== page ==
Basic strength is the foundation for all other physical elements of your training. If you are not strong, then your potential for speed development will be limited, as well as your ability to repeatedly perform a task with any level of intensity. The barbell in my opinion is the single best tool for getting an athlete stronger in the shortest amount of time. However, there is not always a parallel carryover to weight room strength and performance on the field. The only way to increase your skill is to play your sport. Fortunately, there are other types of training you can do to ensure there is a positive transfer from the weight room to the field. To bridge the gap between weight room strength and game time performance, I like to use unconventional and odd object training. Proper barbell training is widely known to get athletes very strong, that is undeniable. But most traditional barbell exercises work the body in only a single plain of motion. You can obviously make adjustments and use a barbell for truly unlimited movement patterns. But due to spatial and safety concerns, these types of exercises and training modalities are better suited when paired with the appropriate tools. Its kind of like hammering a nail with a pair of vise grips. You can hammer it all you want, but there is a better tool for the job.

Lets look at some of the basic exercises used in traditional football training, the power clean, deadlift, bench press and squat. While these are all classic movements that will get you strong, we are concerned with getting maximal transference to the field. There seems to be a polarized belief in many coaches programs that their teams training needs to be this way or that way, and differing from the predetermined system may not be welcomed. Fortunately, more coaches are starting to see the light and are beginning to incorporate unconventional training outside of the weight room. Every tool has its pros and cons. While a barbell is the best tool for microloading, it lacks organic movement by nature. In no other time in your life will you be lifting a perfectly balanced barbell outside of  the weight room. But we have the option to utilize different tools to create a different stimulus, thus forcing the athlete to move in different planes of motion and forging a more complete athlete.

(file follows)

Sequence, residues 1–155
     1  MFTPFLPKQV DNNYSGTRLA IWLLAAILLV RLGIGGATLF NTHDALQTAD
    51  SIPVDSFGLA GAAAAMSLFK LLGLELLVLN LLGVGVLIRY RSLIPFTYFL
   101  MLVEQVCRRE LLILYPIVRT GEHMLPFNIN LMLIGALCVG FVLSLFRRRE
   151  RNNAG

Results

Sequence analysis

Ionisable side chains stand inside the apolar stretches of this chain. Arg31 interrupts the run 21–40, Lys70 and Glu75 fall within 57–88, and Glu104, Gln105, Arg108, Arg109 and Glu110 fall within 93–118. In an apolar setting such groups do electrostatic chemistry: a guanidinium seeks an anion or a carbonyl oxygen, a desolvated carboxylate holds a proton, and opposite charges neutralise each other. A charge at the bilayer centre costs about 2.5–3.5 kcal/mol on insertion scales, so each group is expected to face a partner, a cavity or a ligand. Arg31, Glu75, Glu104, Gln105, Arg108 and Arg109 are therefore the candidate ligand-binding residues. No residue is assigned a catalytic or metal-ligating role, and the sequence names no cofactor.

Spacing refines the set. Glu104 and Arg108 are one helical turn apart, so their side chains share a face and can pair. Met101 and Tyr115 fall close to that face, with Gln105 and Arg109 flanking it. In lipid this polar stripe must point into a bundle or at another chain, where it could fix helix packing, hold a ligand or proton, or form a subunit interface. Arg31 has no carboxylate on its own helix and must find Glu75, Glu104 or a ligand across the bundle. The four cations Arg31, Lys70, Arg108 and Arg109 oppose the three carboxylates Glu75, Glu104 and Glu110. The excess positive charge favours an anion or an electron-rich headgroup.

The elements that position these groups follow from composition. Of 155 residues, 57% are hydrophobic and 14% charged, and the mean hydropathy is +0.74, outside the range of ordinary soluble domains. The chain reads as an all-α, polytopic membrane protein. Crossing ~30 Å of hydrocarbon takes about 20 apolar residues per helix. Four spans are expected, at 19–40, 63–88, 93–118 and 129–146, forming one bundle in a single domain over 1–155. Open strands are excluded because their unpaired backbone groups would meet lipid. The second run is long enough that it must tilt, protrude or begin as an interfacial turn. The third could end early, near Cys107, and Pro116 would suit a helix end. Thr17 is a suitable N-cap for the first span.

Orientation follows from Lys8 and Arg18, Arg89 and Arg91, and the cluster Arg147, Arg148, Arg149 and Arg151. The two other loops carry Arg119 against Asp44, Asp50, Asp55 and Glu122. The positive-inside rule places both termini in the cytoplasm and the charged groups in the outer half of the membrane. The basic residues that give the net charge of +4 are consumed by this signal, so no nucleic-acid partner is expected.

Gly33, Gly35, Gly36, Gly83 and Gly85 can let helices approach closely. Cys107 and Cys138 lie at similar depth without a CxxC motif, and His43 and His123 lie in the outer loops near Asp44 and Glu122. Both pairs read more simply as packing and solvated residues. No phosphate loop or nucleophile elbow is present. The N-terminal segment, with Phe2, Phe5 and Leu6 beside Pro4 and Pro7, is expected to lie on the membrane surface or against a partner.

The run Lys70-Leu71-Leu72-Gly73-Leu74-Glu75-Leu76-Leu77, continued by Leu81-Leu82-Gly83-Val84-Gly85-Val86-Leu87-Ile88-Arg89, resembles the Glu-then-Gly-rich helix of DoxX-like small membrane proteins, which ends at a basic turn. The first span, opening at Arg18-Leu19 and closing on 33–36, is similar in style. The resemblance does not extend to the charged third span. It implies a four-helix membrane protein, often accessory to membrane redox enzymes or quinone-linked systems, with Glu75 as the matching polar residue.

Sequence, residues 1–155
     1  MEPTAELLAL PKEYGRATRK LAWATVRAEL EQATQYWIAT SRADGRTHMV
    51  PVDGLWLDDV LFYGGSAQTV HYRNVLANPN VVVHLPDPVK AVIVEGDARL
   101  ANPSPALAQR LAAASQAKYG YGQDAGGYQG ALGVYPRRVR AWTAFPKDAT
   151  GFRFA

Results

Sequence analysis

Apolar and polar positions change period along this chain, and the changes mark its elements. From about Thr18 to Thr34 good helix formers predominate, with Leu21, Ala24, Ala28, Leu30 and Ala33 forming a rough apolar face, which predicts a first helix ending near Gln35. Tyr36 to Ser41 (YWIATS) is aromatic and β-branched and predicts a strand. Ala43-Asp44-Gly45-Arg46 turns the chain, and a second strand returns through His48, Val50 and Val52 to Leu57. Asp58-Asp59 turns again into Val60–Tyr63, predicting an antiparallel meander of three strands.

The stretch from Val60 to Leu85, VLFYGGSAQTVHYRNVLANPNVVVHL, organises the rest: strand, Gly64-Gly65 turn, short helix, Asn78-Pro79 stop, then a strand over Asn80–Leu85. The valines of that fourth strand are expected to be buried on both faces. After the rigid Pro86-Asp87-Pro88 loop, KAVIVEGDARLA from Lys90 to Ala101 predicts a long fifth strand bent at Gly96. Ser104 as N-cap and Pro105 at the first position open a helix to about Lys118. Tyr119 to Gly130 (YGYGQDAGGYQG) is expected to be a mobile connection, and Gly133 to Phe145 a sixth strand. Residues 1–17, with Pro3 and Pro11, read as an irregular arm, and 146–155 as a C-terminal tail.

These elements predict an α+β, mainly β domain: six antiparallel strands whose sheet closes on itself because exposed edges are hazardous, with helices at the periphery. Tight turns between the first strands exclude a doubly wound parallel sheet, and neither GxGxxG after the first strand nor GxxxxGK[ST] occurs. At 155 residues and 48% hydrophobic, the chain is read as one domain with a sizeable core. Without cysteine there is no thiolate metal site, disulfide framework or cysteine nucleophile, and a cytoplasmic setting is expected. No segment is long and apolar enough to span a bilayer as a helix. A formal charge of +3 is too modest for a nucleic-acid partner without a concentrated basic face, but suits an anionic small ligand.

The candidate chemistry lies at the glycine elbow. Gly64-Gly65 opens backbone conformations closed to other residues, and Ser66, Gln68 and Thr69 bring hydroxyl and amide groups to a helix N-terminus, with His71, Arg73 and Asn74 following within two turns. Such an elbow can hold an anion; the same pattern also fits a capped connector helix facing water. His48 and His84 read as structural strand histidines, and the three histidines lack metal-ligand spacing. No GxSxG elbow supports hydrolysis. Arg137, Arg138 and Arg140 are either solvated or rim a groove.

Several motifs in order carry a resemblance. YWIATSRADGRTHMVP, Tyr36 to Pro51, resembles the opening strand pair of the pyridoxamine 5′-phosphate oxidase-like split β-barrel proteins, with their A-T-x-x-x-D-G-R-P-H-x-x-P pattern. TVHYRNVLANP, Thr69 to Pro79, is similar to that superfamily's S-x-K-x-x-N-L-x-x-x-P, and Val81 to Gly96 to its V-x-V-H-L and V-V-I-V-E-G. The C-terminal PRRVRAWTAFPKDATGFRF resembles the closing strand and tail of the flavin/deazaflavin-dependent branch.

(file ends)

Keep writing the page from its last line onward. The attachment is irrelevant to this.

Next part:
A power clean is a great exercise and I recommend it go into most football programs, but if the athlete performs it incorrectly it is not a great exercise any longer. Also, the barbell generally moves straight up and down for the most part. Some good options to supplement a barbell power clean would be sandbag lifts like cleans, shoulders and throws, where you would basically rip the bag from the ground to your chest, your shoulders or even throw it right over your head. You also have the added option to use rotational lifting with sandbags as well, which isn’t quite as effective or safe with a barbell. You would simply place the bag by your side and you have the option to lift with a traditional stance or a split stance. We also have tire flips that encourage you to move your feet as you run through the movement. With a traditional power clean, you lift the bar off the floor and explode through your hips, shift your feet out slightly as you receive the weight at your shoulders. You essentially move straight up and down. With rotational cleans and tire flipping, you add side to side and front to back movement under load, as well as up and down. I’m not saying you should take barbell training out of the program, it is great if it is being performed properly, just consider supplementing additional movements to enhance athleticism and bridge the gap. Walking sandbag or kettlebell halfmoons are a great example of a supplemental exercise that can exhibit power, mobility and agility in multiple planes and ranges of motion. I like to look at my supplemental exercises as my training’s salt and pepper, it does not replace my meat and potatoes, it just makes them a little better. If you skipped your meat and potatoes and only ate spices, you’d have a pretty shitty meal that would get you smoked on the field. Adding spice to your training keeps the athletes excited and always recruiting new muscles synergistically by incorporating new movement patterns. Also, in my opinion, single and double kettlebell snatches, cleans, swings and power jumps are easier to teach, and help the athlete perform full body explosive movements with a faster learning curve.